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Phantasy Star 0 Package Art
Action RPG

Phantasy Star 0

The Phantasy Star series has long showed more love to the online potential of Nintendo systems than anybody else –- including Nintendo. Phantasy Star Online was the only reason to hunt down a GameCube network adapter and Phantasy Star 0 is now one of the few titles that will make gamers want to slog through the horrifying mess Nintendo calls Friend Codes. If this were a typical action RPG then Phantasy Star 0 wouldn’t measure much above mediocrity, but sometimes multiplayer really can be a saving grace.

Starting out, gamers pick their species, gender and class. SEGA continues to attach needlessly complicated names to their races and classes but they ultimately boil down to rather standard RPG fare: races include humans, robots, and elves, while classes consist of melee fighters, ranged attackers and magic users. Phantasy Star 0 does a great job of differentiating each potential class by only allowing particular groups access to specific weapons while giving each race and class drastically different stats, forcing the player to adopt unique approaches to combat. Unfortunately the options for physically altering the character’s appearance is somewhat limited so there isn’t much of an opportunity to give characters a more personal touch.

Once the game proper gets rolling, Phantasy Star fans will once again feel right at home. A central town serves as a hub with access to a variety of fields where all of the combat, questing, and looting takes place. The town also plays host to the necessary shops and banks as well as the hunter’s guild, the location to pick up new quests. The single player mode presents a story to give all of this context and while it is presented fairly well thanks to the occasional anime cutscene and a fair bit of voice acting, the really isn’t too much there in terms of depth or interesting material. Most gamers will be more interested in the act of chopping up vicious monsters than the motivation for chopping up vicious monsters so the light story really is not that much of a problem.

Combat in Phantasy Star 0 does offer a few nice features: the various weapon types feel substantially different, timing based combo attacks are satisfying to pull off, and a handy evade button allows gamers to roll out of danger’s way. Unfortunately, those virtues are overshadowed by several problems. One example is the single player mode's AI allies. The story conveniently adds a party of relatively useless characters who contribute to the progression of events but offer little in terms of strategic contributions to battles.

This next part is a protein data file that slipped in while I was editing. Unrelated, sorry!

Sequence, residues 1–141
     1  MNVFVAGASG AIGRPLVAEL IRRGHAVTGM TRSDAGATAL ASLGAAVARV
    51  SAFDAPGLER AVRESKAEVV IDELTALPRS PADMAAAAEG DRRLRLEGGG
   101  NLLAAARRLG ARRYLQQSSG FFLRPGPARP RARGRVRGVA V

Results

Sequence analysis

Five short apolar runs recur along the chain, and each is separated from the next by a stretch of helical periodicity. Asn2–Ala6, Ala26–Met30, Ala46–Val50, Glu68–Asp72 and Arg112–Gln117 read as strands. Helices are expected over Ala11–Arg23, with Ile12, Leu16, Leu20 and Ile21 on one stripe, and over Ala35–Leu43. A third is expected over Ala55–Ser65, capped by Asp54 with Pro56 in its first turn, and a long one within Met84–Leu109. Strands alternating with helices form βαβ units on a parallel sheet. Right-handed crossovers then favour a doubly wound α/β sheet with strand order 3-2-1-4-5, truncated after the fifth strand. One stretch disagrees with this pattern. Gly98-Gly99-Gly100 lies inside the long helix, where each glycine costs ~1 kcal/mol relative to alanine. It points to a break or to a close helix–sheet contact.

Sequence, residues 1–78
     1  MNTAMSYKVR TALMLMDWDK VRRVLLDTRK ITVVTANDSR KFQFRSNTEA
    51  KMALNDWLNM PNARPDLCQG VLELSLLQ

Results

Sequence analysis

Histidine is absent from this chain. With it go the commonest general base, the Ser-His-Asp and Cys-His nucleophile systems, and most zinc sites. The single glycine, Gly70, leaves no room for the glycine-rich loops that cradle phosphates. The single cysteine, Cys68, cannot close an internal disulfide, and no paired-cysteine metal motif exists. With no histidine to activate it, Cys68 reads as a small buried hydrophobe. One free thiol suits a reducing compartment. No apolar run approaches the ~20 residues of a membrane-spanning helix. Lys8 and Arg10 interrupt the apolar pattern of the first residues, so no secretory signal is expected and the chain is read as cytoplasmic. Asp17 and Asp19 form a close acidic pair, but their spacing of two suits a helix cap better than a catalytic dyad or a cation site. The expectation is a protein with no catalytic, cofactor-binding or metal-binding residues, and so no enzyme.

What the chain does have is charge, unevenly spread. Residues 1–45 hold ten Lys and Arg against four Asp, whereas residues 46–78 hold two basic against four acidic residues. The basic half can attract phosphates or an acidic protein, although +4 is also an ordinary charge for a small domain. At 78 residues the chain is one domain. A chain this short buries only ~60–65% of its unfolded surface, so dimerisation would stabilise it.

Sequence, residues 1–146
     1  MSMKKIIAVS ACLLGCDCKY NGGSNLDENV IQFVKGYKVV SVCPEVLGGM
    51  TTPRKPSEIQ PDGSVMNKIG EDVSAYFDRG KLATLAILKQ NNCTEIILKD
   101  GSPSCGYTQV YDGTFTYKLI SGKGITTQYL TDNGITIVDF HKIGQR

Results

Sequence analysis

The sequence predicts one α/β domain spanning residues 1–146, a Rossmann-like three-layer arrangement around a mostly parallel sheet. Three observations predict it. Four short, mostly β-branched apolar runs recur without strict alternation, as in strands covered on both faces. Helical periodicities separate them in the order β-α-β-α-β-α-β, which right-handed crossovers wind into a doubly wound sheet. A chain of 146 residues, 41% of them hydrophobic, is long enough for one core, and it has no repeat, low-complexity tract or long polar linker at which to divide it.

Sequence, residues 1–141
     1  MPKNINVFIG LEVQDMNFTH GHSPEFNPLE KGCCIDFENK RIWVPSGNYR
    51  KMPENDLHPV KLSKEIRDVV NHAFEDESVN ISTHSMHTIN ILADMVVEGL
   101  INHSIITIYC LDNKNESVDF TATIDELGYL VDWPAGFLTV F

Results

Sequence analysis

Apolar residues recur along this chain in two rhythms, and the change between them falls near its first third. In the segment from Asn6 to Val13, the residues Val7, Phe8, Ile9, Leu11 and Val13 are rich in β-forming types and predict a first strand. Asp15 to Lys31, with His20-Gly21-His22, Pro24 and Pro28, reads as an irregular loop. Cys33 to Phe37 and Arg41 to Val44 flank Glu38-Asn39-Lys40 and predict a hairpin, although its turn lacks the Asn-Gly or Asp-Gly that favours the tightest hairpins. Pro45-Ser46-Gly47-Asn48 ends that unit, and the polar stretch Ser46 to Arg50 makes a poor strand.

Two other problems loom large in the game: the camera and the interface. First of all, but the only control the player has over the camera is the ability to center it behind their character by pressing the L button; it would be much better if the camera simply focused on the enemy currently being locked on to. As for the interface, navigating the menus to switch weapons is quite a chore and it is made all the worse by the absence of quick swap feature or the ability to pause the action while navigating the menu. Players are pretty much stuck with whatever weapon they have equipped when a battle begins because attempting to switch means leaving themselves undefended from potential attacks.

Luckily for Phantasy Star 0, a few key features make it better than the sum of its parts. First and foremost is the multiplayer, which single handedly eliminates several of the aforementioned problems. Human allies are smart enough to approach combats tactically and can even cover their friends who need to access the menus. Communication between friends is also handled well thanks to a Picto-Chat like application, but be warned, this is only for friends who are playing together; randomly matched players are limited to a handful of premade requests and demands. The other noteworthy feature is the sheer amount of loot waiting around every corner to reward the player. Pretty much every room in every area contains at least one chest filled with weapons and armor as well as several boxes with money and other useful items. Many items can also be used on the spot to upgrade weapons and armor as well as the MAG, a little stat boosting robot that floats over the character’s shoulder and can also unleash super powerful attacks on all nearby enemies from time to time. The multiplayer makes the looting all the better because it gives players a chance to show off their crazy new guns, swords, and armor.

Finally, it is hard to fault Phantasy Star 0 much when it comes to presentation. SEGA obviously worked hard at building the detailed 3D character models and environments and things actually hold together quite smoothly when the action picks up. Furthermore, the aforementioned cutscenes are done very well, though they do clash with the more frequent “talking heads” that provide most of the dialogue and story progression.

Phantasy Star 0 does have plenty of problems, with the troublesome camera and uninteresting and repetitive single player scenario standing out as the most damning. However, thanks to one of DS’s more solid online offerings and the very addictive nature of seeking newer and better loot, Phantasy Star 0 ultimately emerges as more than merely mediocre. So long as players have a good group of friends to play with and an insatiable desire to attain better equipment than those friends, gamers can enter into this world expecting an exceptionally good time.

final score 7.8/10

Staff Avatar Andy Hoover
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"There's SAND on my boots!"

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